3. Guide the narrative by confronting reality: Understand client-facing teams and remove barriers to performance and productivity by aligning processes and workflows to better support customer conversations. They work with others to inventory, baseline, and improve the components required to support conversations at each stage of the customer’s problem-solving lifecycle. They are both willing and able to analyze process challenges, performance gaps, and skills gaps and recommend, implement, and improve the internal eco-system so people or customers don’t carry the burden.
  4. Driving results by design, not effort: Design out complexity, so people don’t have to carry the burden in customer conversations. They manage work to ensure work is valuable while making trade-offs in scope, resource allocation, and ongoing targeted execution efforts. They go-slow to go-fast by factoring in the needs of various stakeholders while building and deploying ongoing initiatives and services to help customer-facing teams be successful. They recognize and address gaps among the personal, team, or organizational processes and align the right eco-system components to confront complexity that is impacting customer-facing teams.
  5. Unlock energy and create momentum: Balance the tension between “getting stuff done” and “figuring stuff out” by communicating tailored and impactful messages to impacted stakeholders. They provide “English-to-English” translation across teams to help them get to yes. They understand and empathize with the various actors impacted by the work in order to proactively set and manage expectations. They resolve disagreements to ensure customer-facing team members are successful.
  6. Catalyze change through collaboration: Advance collaboration and productive relationships across organizational boundaries to ensure team cohesion and unity. They proactively gather varying perspectives, set and manage expectations, and guide decision making to minimize conflict and ensure a common focus among impacted stakeholders. They view teams as the primary way work is accomplished and focus people on what they can agree on. They treat change management as a discipline as they work to ensure the right people are contributing to the work at hand while achieving the future state definition of success.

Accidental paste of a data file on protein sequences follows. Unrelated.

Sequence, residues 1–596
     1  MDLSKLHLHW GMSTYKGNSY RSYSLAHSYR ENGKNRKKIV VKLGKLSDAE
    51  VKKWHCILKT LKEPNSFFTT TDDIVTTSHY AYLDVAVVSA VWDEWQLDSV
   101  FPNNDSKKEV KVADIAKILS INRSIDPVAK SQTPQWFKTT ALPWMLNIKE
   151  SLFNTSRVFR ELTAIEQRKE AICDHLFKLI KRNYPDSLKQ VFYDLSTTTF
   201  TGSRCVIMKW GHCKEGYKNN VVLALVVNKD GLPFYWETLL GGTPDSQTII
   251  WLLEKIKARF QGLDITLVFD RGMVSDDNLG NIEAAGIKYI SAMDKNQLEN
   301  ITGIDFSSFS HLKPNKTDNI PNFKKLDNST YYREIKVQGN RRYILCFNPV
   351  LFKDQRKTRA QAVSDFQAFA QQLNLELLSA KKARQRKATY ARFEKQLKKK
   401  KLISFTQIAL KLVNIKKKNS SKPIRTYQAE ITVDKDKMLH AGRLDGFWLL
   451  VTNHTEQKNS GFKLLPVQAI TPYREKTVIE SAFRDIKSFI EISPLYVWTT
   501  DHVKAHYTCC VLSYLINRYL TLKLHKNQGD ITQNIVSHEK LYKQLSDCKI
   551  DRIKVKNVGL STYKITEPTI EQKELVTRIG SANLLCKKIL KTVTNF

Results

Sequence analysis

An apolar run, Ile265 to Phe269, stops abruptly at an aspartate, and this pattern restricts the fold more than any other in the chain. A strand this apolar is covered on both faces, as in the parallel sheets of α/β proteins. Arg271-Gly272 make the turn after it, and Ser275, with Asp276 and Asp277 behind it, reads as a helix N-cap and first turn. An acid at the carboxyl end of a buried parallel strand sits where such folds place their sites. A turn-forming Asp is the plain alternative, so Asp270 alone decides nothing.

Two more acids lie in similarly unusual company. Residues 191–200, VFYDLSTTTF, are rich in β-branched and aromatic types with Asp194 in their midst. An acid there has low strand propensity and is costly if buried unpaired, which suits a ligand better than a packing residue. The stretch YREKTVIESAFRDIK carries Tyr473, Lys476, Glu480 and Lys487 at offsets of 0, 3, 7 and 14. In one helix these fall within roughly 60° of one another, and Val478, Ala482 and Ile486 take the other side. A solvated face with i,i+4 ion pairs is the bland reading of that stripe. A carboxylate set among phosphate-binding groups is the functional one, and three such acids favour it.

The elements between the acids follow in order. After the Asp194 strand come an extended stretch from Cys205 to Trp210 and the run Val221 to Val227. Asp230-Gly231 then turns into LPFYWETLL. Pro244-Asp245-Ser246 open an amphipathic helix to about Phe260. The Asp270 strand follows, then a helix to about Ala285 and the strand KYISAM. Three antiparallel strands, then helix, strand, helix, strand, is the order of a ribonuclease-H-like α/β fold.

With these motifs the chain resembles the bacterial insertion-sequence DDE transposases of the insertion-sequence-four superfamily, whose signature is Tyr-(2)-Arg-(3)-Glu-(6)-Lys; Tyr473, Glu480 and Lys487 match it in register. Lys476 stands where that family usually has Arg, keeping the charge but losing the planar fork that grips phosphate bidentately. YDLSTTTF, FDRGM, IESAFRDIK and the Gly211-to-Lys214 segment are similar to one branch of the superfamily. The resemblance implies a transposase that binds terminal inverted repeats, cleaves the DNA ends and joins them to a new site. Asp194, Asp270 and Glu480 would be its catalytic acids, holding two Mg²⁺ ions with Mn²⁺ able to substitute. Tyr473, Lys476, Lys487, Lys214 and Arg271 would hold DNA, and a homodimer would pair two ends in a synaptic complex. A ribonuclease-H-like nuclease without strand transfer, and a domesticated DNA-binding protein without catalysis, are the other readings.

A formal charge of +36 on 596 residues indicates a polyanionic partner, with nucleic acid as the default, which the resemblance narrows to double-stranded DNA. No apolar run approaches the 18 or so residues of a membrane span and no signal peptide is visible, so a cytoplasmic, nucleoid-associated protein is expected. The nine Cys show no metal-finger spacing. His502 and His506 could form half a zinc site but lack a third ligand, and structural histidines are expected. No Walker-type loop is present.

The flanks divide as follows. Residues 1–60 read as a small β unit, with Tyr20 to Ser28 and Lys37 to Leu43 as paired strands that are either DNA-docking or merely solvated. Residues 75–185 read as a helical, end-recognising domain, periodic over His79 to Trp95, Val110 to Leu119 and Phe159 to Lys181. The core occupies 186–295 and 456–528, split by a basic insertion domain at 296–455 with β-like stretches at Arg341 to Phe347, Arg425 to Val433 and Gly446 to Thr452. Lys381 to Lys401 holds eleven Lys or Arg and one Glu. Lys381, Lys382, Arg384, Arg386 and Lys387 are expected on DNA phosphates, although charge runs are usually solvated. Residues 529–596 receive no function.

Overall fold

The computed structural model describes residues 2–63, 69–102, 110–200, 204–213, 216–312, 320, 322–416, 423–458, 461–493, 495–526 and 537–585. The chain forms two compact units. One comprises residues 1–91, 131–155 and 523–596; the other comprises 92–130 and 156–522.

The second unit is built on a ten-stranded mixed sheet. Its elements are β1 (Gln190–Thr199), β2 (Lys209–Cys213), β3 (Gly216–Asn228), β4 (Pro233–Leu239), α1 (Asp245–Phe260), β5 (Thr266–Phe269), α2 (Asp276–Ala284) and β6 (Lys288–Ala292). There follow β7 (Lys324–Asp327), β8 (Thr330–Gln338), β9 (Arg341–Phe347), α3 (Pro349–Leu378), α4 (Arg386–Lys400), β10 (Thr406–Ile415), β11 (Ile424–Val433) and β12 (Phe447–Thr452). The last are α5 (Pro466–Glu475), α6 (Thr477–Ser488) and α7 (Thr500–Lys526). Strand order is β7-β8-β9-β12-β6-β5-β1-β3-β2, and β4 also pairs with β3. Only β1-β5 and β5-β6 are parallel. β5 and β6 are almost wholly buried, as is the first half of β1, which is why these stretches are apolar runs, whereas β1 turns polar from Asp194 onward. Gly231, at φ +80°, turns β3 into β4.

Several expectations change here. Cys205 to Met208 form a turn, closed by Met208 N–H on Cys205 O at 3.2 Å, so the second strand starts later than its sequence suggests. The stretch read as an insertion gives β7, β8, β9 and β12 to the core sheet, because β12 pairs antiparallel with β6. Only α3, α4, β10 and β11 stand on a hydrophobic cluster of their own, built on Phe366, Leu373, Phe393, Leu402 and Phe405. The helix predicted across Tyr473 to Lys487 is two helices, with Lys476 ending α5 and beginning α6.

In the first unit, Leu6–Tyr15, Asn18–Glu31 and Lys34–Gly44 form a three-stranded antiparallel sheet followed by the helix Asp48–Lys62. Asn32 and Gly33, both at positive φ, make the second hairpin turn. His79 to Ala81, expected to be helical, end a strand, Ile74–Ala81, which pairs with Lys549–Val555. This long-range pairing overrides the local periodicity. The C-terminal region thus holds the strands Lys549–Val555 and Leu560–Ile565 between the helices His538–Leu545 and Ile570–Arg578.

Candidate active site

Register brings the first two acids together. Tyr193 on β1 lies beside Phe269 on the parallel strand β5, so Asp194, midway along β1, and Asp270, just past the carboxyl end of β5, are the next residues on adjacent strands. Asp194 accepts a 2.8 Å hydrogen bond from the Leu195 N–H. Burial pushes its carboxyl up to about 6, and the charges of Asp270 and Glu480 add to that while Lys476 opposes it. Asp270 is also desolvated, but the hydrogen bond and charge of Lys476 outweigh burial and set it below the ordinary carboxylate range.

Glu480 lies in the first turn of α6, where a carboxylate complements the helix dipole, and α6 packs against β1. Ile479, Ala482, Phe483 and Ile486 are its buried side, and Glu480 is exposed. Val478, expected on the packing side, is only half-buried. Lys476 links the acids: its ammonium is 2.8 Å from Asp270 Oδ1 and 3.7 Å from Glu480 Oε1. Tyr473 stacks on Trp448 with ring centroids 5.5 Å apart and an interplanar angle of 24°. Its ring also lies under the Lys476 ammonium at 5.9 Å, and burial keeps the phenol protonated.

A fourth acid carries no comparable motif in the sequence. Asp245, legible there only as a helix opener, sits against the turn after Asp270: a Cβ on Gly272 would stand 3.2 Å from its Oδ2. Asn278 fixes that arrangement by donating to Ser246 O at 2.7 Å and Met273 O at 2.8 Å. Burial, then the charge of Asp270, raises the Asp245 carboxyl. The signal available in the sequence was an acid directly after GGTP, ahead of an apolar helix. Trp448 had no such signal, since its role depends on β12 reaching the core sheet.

What Do Team Leaders Need to Know?

Orchestrators need to know:

  • Sales & Marketing: There is no “one size fits all” approach to enabling a portfolio of sales teams, and each regional leader and team needs to know and believe they are getting their own win. This knowledge is necessary because selling teams are unique and often lack formal documentation. Additionally, team leaders need to understand marketing and messaging and their impact on customer conversations in order to leverage marketing expertise.
  • Conversation Sciences: Sales conversations are ultimately about communication. The ability to encode information, transmit and share information, and ensure it is decoded by a variety of different stakeholders. In no other profession is there such a mash-up of sociology, psychology, communication, finance, and economics. People get degrees in one, and salespeople need to blend all. This knowledge is important because commercial enablement leaders need to always remain laser-beam focused on improving sales conversations. It’s not an art anymore.
  • Tactical + Strategic Execution: Know what’s required to operate in a tactical short term, as well as the strategic long term to the benefit of their sales organization and company. This knowledge is important because commercial enablement leaders need to catalog and respond to dynamic based on market conditions as well as the goals of leadership. you need a great team leader to lead a team.
  • Complex Systems Deep knowledge of the inter-related nature of commercial growth; including marketing, sales, customer service, product, engineering, and financial implications on sales conversations and transactions. knowledge is important because commercial enablement leaders need to see the inter-related parts and components impacting sales conversations.
  • Business Strategy: Full understanding of the revenue engine of the organization, including how it makes money and translates resources into value. This knowledge is important because commercial enablement leaders need to help sellers communicate that value much like their CEO does when communicating to investors.

7 Best Pillars of Team Based Operating Models

7 Best Pillars of Team Based Operating Models